**Jack Davies:**Topological modular forms and stable Hecke operatorsAbstract. The cohomology theory of topological modular forms is a derived algebro-geometric refinement of the usual ring of modular forms. Inspired by the classical constructions, we present an algebra-geometric perspective to construct Hecke operators on topological modular forms. We would like to highlight some of the immediate applications of these operations, some of their structural properties, and some future potential directions.

- Coffee 🍵
**Noah Porcelli:**Floer homotopy theory and smooth structures on LagrangiansAbstract. The Fukaya category is an A_\infty category over \Z associated to certain symplectic manifolds which is important in the study of Lagrangian submanifolds, particularly detecting homological/homotopical information. We use Floer homotopy theory to prove that in some cases the Fukaya category sees more: it can detect information about smooth structures on certain Lagrangian submanifolds. Based on joint work-in-progress with Ivan Smith.

- Lunch
**Özgür Bayındır:**Algebraic K-theory of the two-periodic first Morava K-theoryAbstract. Using a root adjunction formalism developed in an earlier work and logarithmic THH, we obtain a simplified computation of the algebraic K-theory of the complex K-theory spectrum. Furthermore, our computational methods also provide the algebraic K-theory of the two-periodic Morava K-theory spectrum of height 1.

- Coffee 🍵
**Clark Barwick:**World-objects and quantum field theories in arithmeticAbstract. Work of Kim and Ben-Zvi−Sakellaridis−Venkatesh suggests strongly the possibility and promise of quantum field theories on objects in arithmetic geometry. But it's not at all clear how one might go about making such notions precise. In this talk, we will describe our first stab at doing so by categorically extending the theory of factorization algebras to these contexts. Along the way, we uncover a strange piece of additional structure that generally remains implicit in discussions of factorization algebras in other contexts.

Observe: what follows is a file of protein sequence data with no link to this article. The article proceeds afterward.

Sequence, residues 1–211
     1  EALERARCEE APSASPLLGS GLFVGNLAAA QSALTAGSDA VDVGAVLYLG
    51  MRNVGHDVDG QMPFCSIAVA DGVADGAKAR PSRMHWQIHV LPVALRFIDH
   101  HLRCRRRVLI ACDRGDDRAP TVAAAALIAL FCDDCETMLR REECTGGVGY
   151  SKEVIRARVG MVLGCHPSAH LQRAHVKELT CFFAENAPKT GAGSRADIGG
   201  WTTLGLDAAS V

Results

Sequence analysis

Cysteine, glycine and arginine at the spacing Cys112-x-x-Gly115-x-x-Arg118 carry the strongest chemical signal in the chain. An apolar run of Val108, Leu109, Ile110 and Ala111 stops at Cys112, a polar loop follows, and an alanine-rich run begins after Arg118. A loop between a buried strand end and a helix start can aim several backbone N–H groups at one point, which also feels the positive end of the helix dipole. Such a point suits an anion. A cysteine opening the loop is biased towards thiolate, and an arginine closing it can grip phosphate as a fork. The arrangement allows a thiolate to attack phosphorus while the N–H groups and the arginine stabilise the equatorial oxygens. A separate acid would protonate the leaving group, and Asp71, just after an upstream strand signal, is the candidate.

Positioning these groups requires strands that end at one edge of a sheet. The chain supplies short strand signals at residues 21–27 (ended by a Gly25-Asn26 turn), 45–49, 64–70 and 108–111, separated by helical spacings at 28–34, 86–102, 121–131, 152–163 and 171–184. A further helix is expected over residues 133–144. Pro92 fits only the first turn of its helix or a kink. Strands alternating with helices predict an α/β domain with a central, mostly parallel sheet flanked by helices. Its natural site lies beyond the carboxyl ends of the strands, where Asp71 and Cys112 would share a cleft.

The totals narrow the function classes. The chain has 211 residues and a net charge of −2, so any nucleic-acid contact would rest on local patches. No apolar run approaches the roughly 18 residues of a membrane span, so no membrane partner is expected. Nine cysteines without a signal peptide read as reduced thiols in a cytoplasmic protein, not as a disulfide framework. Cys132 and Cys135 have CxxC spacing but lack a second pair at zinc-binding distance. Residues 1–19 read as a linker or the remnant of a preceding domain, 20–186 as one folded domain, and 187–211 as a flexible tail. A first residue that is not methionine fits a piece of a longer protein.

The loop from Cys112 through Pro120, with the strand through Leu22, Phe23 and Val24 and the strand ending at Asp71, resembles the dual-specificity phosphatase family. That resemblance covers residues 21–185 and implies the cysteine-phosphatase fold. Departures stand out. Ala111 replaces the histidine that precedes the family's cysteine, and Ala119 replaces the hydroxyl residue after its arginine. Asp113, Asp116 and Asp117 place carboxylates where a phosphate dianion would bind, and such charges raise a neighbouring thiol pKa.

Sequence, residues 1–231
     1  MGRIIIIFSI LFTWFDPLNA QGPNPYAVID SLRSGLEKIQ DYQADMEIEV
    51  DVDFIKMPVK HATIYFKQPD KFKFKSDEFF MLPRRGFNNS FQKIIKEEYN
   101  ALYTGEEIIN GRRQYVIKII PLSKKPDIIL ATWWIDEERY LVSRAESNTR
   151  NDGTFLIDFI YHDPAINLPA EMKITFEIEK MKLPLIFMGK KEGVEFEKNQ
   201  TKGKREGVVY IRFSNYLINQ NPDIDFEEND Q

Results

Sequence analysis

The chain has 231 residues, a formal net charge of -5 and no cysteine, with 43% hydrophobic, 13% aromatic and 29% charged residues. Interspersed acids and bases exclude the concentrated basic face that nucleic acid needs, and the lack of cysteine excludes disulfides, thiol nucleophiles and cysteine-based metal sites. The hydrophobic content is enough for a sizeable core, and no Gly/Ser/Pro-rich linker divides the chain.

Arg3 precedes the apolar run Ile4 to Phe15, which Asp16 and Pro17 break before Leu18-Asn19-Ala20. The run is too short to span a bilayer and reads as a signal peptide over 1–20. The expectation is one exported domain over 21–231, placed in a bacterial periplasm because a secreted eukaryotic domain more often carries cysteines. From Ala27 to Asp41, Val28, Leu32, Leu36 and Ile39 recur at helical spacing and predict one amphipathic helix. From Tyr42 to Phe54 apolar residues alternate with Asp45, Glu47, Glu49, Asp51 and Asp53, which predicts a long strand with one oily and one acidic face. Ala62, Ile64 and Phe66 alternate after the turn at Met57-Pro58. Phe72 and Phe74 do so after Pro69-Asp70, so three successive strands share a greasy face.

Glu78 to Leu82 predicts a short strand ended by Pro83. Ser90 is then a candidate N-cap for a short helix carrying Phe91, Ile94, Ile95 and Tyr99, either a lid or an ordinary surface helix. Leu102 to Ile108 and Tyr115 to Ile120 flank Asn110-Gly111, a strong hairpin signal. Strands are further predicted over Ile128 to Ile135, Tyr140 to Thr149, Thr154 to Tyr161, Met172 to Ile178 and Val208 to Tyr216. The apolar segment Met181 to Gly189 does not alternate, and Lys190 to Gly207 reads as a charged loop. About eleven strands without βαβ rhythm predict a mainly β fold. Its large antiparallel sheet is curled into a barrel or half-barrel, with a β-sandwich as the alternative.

- Behrang Noohi (Queen Mary University of London)

- Behrang Noohi (Queen Mary University of London)

- Clark Barwick (The University of Edinburgh)
- Özgür Bayındır (City, University of London)
- Jack Davies (Universität Bonn)
- Drew Heard (Trondheim University)
- Noah Porcelli (Imperial College London)
- Constanze Roitzheim (University of Kent)
- Neil Strickland (The University of Sheffield)

We are, unfortunately, unable to provide accommodation for participants. If you would like to book accommodation, the following are some of the options among the huge variety of other possibilities.

The theme of this meeting is (loosely) around arithmetic and Galois theoretic aspects of stable homotopy theory, with a little bit of geometry (Floer homotopy theory). We hope it will be attractive to researchers in Number Theory and Geometry who are keen to explore possible connections to homotopy thoery. The research talks will take place on Tuesday-Wednesday, January 16-17. In addition, there will be introductory talks by Jack Davies (on basics of Stable Homotopy Theory) and Noah Porcelli (on Symplectic Geometry and Floer theory) on Monday, January 15.

**Registration** is now open: registration form. Please register by midnight Sunday, 14 of January. You do not need to register to attend, but registration helps us estimate how much tea/coffee and biscuits will need to be provided by the catering team. (So if you show up without registering bring your own tea/coffee and biscuits! 🍵)